Gargoyle grin gone, lean Okie face scowling with worry, Clete pushed through the heavy glass door a few minutes after nine with the Sacramento couple not far behind. They were a foursome in high school, Ace and Connie, Clete and his girl. Clete was a gambler, but Ace ached to be a doctor. What with one thing and another, no money, seat of your pants schools, the kids, he never made it to college. So he settled on an ancillary pursuit, and Connie always said he brought more ease to the world than a gaggle of high priced pill pushers. The three of them kept in touch after Clete and his wife split, their allegiance to the ‘Niners as the only genuine West Coast team a serviceable religion. To their surprise through all the years Clete never called on them professionally, and now that he had they responded by sprinkling a hint of gravitas over an habitual cheerfulness.

Connie hugged Camille not waiting for an introduction. Turning to Ace gently stroking Camille’s hands, Connie murmured in her sweet down home voice, “Isn’t she pretty, Ace? You know how to pick ‘em, Clete.” Ace nodded a slow sympathy while privately approaching the situation with bemused tolerance. He chided Clete when they had a second to themselves, grinning to soften his words. “You’re too old for this sort of thing, Clete. She is a lovely little bit, though.”

The three old friends shot the breeze, dissecting divorces, bemoaned recent deaths, drank coffee to steady Clete’s nerves, smilingly including Camille in the chatter. She sat, not listening, resolutely untroubled, humming under her breath, dark hair a gossamer halo. Clete paid the check, and the four walked into the sizzling heat, sunlight blinding off molded chrome, tar softening under foot. Camille studied the outlines of the block building, sharp and clear as the alpine village which sprang to life when as a child she raised the cover of a pop-up book her father gave her. The remembered gift was mocked as her gaze shifted to the motel’s peeling stucco facade, brightly colored doors, faded, a tawdry mix of gaiety and decay, slyly beckoning. Reflected ripples of the Truckee grabbed the minimalist lines of the police station across the street, morphing the iron bars into a dense spider’s web. Am I going crazy? I doubt it. She shook her head violently, lowering her eyelids to thwart the trickery of fear only to see the black and white of her skirt and blouse merge and mutate into grotesque prisoner’s stripes, Clete’s narrow shadow blotting out shafts of streaming sunlight, black, white, black, white.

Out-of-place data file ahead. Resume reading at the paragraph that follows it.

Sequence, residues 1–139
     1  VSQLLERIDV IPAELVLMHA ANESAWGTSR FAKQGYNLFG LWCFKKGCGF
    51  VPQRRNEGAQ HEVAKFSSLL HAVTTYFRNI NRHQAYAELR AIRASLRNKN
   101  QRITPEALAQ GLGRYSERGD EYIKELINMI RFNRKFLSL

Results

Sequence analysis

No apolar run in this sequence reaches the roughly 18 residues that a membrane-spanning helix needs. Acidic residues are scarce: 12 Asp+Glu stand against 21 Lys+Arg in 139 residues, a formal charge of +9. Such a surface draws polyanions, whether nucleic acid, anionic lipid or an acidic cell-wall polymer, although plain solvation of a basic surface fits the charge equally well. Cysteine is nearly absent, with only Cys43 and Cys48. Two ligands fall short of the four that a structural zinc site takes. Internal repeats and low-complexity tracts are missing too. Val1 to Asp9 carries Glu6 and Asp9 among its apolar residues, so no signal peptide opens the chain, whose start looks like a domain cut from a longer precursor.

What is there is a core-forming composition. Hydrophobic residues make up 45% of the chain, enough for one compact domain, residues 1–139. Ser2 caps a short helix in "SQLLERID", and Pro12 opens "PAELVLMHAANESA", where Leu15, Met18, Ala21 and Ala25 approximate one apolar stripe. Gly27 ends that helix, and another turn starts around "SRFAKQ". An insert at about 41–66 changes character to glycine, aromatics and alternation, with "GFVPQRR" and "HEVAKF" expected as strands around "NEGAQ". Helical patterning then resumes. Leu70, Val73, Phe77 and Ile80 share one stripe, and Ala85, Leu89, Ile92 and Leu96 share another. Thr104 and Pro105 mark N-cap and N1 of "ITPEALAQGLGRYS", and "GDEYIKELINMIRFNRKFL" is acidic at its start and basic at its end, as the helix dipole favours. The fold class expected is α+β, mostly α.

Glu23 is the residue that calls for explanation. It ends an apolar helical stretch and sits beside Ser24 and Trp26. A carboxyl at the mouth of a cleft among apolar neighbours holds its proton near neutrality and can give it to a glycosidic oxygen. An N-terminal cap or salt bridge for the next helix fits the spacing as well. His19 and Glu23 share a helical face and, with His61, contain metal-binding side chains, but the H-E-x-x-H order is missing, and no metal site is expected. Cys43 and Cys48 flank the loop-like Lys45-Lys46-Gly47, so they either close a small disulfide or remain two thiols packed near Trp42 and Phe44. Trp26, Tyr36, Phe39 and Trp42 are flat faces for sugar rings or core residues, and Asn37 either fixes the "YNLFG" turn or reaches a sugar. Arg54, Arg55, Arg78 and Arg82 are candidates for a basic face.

Clete resisted the impulse to lift Camille and carry her across the threshold, his bride, his love at last found, stepping aside, instead, with a flourish for Camille’s entrance through the chalky door. He felt a shiver as he put his arm around her, ambushed, but she stood docilely as Ace and Connie sized up the tattered suite. Before he could protest, they detached Camille from his girdling arm and led her into the bedroom leaving him to fiddle with the controls of the television set.

Firmly shutting the door behind them, the two briskly constructed a makeshift operating room. Ace unpacked the Magnin shopping bag, laying out an assortment of instruments on the bureau, wiping the top with an alcohol-soaked towel, covering it chastely with a second. Connie held Camille’s hand, guiding her to a bed swaddled in a thick latex sheet. Ace stroked her hair as he explained what would be happening in a tender, grandfatherly way. An enamel pan bubbled on the electric hot plate ready to sterilize the cupped and curved instruments Connie arranged on the white cloth. Connie held up a tiny blue insertion tube. “Just a little air to help the drugs along,” she leaned over pressing her cheek against Camille’s. “It is really simple. A few cramps. Not for long. Nothing to worry about. All you have to do for now is lie still. We’ll take care of everything.”